Court name
Supreme Court of eSwatini
Case number
11 of 2015

Mvila v Vuka Sidwashini Farmers Association (11 of 2015) [2015] SZSC 1 (09 December 2015);

Law report citations
Media neutral citation
[2015] SZSC 1
Hlophe, AJA
MJ Dlamini, AJA
Manzini, AJA

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                  Appeal Case No: 11/2015


In the matter between                     



YENGWAYINI MVILA                                                        Appellant







Neutral citation:            Yengwayini Mvila vs Vuka Sidwashini Farmer’s Association (11/2015) (2015)   SZSC 01    (9 December 2015)




Coram:                          N.J HLOPHE AJA; M.DLAMINI AJA AND M.J. MANZINI AJA.



Heard:                            9   NOVEMBER 2015


Delivered:                       9    DECEMBER 2015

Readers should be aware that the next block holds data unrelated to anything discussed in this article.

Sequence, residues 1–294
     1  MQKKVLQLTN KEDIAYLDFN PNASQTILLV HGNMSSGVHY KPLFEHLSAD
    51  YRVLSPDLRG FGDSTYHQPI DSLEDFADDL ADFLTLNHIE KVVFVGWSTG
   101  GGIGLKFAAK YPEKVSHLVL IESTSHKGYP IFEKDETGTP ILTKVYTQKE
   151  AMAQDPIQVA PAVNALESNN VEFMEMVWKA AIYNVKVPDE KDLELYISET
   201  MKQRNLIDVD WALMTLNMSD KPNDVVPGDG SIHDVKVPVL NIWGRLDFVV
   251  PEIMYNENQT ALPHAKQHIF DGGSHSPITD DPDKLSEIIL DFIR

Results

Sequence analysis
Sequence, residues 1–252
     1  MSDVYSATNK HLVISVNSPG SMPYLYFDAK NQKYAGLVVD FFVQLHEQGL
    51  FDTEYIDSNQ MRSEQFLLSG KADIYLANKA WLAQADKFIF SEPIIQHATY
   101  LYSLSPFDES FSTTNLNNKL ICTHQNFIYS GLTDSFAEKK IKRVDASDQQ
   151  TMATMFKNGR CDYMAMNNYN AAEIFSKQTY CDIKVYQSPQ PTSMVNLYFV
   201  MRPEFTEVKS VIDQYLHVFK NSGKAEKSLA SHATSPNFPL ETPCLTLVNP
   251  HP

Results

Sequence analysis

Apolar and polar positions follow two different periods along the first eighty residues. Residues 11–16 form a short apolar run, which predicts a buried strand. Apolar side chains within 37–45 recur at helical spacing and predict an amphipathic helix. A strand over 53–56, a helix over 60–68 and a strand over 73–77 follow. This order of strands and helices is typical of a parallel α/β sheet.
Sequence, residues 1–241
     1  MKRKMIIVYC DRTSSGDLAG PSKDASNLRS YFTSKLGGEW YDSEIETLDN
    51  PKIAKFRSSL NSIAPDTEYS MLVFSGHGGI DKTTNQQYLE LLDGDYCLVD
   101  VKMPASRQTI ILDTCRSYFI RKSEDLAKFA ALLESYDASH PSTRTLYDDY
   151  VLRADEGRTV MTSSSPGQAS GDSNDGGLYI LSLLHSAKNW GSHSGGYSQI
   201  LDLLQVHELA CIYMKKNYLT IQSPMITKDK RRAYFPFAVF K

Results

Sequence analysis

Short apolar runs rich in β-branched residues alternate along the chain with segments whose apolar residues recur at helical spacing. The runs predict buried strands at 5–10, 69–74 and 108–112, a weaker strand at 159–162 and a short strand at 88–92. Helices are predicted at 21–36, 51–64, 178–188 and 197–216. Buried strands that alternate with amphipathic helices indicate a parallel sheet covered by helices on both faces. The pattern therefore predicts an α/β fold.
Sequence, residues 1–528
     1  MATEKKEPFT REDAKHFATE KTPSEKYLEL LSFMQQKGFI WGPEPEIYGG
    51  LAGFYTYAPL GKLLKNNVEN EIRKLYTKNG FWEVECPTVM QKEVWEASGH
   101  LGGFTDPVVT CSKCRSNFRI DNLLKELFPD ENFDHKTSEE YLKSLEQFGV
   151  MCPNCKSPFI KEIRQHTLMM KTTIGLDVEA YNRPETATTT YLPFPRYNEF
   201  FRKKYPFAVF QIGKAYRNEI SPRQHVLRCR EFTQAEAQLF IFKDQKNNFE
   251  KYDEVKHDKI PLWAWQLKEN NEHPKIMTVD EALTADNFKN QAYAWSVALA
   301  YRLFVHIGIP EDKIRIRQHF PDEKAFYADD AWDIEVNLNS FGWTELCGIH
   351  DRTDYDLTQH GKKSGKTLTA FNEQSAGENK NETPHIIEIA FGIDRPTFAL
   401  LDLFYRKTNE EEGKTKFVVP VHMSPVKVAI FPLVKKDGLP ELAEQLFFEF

Summary:    Appeal – appeal from decision of the High Court dismissing application for review – High Court holding that it had no jurisdiction as a Court of first instance to deal with application – whether decision correct.




  1. This is an appeal against a judgment handed down on the 17th February 2015 by Acting Judge of the High Court, D.B. Magagula (AJ). dismissing an application for review, with costs, on the ground that the High Court “has no jurisdiction to hear and determine this matter.”


  1. The Appellant [the Applicant in the Court a quo] had by Notice of Motion launched motion proceedings in the High Court seeking an Order in the following terms:

2.1      That the suspension of the Applicant by the Respondent from its activities including attending meetings be and is hereby set aside.

2.2      Directing the Respondent to pay Applicant her dividends as and when they fall due.

2.3      Further and/or alternative relief.

3.         The Appellant is an adult widow of Sidwashini Northern Hhohho.